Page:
Dr. John’s Dr. Johnston, Mad Props for the Malaprops

 

 

Polonius:  What do you read, my lord?

 Hamlet: Words, words, words.

 

Samuel Johnston in 1755-ish published the first ever dictionary in English.  He accomplished this Herculean feat single-handedly.

Imagine, idle reader, the enormity of the project.  How would you go about collecting words and defining them with no dictionary to consult? Would you start with aardvark and work your way alphabetically to zygote or start with verbs, assembling the gamut, so to speak, from states of being to acts of doing, and once you’d worked your way from is to zapped, would you then turn to the vast realm of nouns?

I ain’t know cause my mind be blown.

In 1994 with the help of a writer named Jack Rummel, Dr. John (nee Mac Rebennack) published an autobiography entitled Under a Hoodoo Moon.

Like Samuel Johnson, Dr. John, who just now died June 6, was a lover of locutions.  Like James Joyce, Mac, the Dr. (also known as the Nite Tripper) found the English language inadequate for his needs.

“So weenybeenyveenyteeny.”   James Joyce, Finnegan’s Wake

“Posilutely honorifficatedly medicatedly doctoratedly yours thank you.  Dr. John, from the liner notes of Desitively Bonneroo.

Sam Johnson was an eccentric. Obsessive, compulsive.   Before crossing the threshold of door, he’d go through a series of ritualistic gesticulations and when walking down the street feel compelled to touch every single post he passed.

Mac Rebennack was also an eccentric and was no stranger to wild gyratin-i-ficatin’,  as he might put it.

I’m now reading Under a Hoodoo Moon, and it occurs to me that I could honor these two doctor heroes of mine by doing a little lexicography myself, i.e., by compiling a Dr. John dictionary, a handy go-to reference when you run across a term like junk-a-dope-a-nals  or marygeranium.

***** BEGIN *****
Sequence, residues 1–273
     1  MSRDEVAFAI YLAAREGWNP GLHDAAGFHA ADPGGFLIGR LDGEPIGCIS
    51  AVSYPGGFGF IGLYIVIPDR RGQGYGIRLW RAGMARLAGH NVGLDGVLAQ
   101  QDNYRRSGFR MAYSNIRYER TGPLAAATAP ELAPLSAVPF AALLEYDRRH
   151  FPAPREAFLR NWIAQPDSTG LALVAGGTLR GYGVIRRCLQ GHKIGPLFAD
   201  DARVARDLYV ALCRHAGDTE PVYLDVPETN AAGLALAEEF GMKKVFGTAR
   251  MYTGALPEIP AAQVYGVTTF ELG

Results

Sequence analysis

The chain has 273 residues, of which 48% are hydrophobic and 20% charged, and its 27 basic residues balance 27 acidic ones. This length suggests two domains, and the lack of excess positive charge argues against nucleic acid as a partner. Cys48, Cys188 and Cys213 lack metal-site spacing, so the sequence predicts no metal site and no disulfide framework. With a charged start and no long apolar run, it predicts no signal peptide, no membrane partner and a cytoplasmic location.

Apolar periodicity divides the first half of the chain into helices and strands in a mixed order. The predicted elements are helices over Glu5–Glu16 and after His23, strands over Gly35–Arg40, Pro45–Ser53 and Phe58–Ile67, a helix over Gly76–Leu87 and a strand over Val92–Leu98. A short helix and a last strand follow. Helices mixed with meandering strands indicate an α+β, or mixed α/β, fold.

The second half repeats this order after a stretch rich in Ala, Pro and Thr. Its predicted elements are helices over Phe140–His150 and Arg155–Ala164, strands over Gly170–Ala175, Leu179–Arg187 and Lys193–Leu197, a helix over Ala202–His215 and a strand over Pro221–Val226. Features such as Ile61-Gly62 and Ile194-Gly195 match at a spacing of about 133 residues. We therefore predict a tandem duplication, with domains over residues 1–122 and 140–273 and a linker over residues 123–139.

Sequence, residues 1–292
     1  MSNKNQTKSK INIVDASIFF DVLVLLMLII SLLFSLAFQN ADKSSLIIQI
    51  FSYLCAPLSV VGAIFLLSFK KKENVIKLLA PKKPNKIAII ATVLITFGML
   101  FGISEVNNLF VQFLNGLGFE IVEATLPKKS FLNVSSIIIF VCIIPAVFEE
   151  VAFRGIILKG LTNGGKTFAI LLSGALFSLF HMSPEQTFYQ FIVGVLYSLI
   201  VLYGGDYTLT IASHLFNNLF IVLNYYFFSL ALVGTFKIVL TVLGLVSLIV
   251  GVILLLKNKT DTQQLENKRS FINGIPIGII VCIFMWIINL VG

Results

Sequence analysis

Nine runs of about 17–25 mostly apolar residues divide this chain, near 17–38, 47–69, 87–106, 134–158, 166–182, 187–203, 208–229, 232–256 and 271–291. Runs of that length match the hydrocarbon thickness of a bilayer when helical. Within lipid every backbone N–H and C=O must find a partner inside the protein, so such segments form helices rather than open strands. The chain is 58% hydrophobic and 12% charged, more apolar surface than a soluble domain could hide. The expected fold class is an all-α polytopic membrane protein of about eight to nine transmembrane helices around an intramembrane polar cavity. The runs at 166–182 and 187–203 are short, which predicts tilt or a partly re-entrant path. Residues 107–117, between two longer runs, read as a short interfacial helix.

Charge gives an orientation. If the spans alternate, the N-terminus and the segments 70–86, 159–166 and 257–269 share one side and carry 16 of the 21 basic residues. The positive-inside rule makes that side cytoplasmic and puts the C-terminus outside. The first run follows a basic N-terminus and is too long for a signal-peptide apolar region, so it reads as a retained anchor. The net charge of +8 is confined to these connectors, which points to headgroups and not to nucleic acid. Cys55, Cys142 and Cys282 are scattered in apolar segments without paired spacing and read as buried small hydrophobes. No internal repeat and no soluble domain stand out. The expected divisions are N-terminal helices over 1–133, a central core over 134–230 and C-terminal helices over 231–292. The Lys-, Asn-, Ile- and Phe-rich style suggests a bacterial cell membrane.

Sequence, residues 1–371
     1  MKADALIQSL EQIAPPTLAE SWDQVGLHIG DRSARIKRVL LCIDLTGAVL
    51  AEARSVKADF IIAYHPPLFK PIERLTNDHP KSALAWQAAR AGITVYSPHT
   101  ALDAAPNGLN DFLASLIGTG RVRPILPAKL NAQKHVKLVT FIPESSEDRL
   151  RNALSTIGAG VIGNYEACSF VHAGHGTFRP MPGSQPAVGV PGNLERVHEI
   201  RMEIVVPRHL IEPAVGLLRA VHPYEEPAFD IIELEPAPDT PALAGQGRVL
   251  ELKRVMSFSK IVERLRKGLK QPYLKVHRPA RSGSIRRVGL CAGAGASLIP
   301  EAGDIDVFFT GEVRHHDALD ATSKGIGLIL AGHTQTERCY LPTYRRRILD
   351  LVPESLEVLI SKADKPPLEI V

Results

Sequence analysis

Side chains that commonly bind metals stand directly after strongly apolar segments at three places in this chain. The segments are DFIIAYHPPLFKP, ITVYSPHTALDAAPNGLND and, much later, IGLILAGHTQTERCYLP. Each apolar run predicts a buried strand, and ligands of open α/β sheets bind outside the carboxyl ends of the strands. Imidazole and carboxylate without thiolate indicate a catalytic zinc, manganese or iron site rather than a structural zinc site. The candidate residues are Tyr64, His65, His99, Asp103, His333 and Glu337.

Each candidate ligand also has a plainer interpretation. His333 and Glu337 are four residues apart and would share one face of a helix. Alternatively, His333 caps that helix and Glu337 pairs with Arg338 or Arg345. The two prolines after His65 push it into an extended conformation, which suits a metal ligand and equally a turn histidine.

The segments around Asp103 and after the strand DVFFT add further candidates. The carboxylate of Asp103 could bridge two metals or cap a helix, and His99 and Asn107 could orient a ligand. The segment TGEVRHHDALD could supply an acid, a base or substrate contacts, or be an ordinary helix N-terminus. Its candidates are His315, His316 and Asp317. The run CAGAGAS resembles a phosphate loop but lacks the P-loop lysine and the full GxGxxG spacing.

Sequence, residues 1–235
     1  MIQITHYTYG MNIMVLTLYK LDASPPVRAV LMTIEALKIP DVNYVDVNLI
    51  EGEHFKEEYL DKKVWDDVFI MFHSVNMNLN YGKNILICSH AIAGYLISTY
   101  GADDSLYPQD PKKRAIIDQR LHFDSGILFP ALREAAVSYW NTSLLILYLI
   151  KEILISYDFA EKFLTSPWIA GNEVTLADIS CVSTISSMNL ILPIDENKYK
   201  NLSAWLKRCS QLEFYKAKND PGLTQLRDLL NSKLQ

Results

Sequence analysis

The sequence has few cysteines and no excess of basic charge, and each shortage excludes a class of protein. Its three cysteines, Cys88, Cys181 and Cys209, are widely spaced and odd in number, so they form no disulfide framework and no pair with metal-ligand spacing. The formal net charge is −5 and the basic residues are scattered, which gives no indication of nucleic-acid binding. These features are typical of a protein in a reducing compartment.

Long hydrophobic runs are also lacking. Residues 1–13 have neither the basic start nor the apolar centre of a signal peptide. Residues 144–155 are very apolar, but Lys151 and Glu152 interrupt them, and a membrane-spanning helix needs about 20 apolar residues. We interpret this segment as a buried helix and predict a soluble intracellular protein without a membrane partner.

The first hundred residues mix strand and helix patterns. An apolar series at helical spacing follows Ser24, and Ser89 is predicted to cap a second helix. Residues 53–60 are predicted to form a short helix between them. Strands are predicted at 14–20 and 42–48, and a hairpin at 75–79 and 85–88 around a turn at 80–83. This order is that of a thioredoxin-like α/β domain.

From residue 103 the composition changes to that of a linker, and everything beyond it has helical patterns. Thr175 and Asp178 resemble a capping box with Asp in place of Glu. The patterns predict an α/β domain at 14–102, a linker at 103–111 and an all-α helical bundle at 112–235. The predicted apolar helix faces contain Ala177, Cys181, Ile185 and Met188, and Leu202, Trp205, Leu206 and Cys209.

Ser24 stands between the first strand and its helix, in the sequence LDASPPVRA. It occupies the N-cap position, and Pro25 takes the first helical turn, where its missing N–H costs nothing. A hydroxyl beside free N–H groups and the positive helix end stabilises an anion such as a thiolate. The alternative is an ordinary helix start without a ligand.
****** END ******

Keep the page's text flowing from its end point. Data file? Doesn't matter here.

The project is underway, and of course, I’ll publish it here, free of charge, despite Dr. Johnson’s oft-quoted observation: “No man but a blockhead ever wrote except for money.”

But, as Dr. John says, “You can’t shut the fonk up.  No, the fonk got a mind of its own.

Caricature of Samuel Johnson and James Boswell. — Image by © Lebrecht Authors/Lebrecht Music & Arts/Corbis

Goodnight, Dr. John, May Flights of Brass Bands Blow Thee to Thy Rest

 

dr john keeper

Okay, Mac Rebennack’s dead, which means so is Dr. John, which means no more gumbo music, no more funkificated word coinages, no more “mos’ scociouses,” no more “desitively bonnaroos.”

Unique is too weak a word.  Dig this from his Nite Tripper days:

Although Dr. John put on great shows right up until recently (I’ve seen him three times over the last twenty years), I think his best album is 1974’s Desitively Bonnaroo.  Music critic Nick Deriso: “Even today, there’s really no roadmap for the crazy-eyed co-mingling of R&B, jazz, island beats, blues, boogie funk and hoodoo whackadoo splashed across this LP, recorded alongside fellow New Orleans legends Allen Toussaint and the Meters more than 35 years ago.”

I still got the copy I copped from a sidewalk record sale in ’76.  Take a peek at the musicians, if you’re interested, while you listen to a snippet of the title song.

The first time I saw Dr. John live was at an outdoor street festival, again in Columbia, and I’ll never forget his entrance, sporting canary yellow socks, bopping his cane on the sidewalk, strut-dancing his way up the piano to play and croak and banter.

After Katrina, my friends Jake, Keith, and my late wife Judy Birdsong saw him at the Newberry Opera house.  You could see Katrina had taken a toll, and he kept saying throughout the show, “They put me on psych meds.”  That was back in his way-over-weight days, and he occasionally got up from the piano and do these gyrations that didn’t quite qualify as a dance.

In 2013, I saw him for the last time at the Leaf Festival where he played the guitar. He had started out as a guitarist until he got a finger shot in a scuffle and turned to the piano.

dr on guitar

photo by Wesley Moore

Given his hanging out in smokey bars and strip clubs since his teens, his three-decade heroin addiction, his doing some time in prison, I doubt that Mac would ever dream he’d make it to 77, a lucky number.  At any rate, he follows Professor Longhair, Earl King, and James Booker, whom Dr. John once described as “the best black, gay, one-eyed junkie piano genius New Orleans has ever produced.”

So long, old friend. Gonna miss your music, gonna miss your rap.

jb_tragedy

James Booker